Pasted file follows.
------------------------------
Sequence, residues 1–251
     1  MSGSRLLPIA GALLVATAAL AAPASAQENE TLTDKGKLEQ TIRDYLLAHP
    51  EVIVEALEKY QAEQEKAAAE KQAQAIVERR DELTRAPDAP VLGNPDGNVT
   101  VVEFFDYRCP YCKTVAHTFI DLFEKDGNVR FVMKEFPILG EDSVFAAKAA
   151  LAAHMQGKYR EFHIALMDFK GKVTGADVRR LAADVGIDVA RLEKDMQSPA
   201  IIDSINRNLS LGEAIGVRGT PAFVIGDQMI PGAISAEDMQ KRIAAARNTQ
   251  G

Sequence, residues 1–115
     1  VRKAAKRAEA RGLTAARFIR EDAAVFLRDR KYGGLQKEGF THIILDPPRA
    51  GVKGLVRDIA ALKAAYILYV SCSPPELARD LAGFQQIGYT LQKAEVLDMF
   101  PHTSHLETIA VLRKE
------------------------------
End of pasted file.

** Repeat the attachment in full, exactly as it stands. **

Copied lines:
Sequence, residues 1–251
     1  MSGSRLLPIA GALLVATAAL AAPASAQENE TLTDKGKLEQ TIRDYLLAHP
    51  EVIVEALEKY QAEQEKAAAE KQAQAIVERR DELTRAPDAP VLGNPDGNVT
   101  VVEFFDYRCP YCKTVAHTFI DLFEKDGNVR FVMKEFPILG EDSVFAAKAA
   151  LAAHMQGKYR EFHIALMDFK GKVTGADVRR LAADVGIDVA RLEKDMQSPA
   201  IIDSINRNLS LGEAIGVRGT PAFVIGDQMI PGAISAEDMQ KRIAAARNTQ
   251  G

Sequence, residues 1–115
     1  VRKAAKRAEA RGLTAARFIR EDAAVFLRDR KYGGLQKEGF THIILDPPRA
    51  GVKGLVRDIA ALKAAYILYV SCSPPELARD LAGFQQIGYT LQKAEVLDMF
   101  PHTSHLETIA VLRKE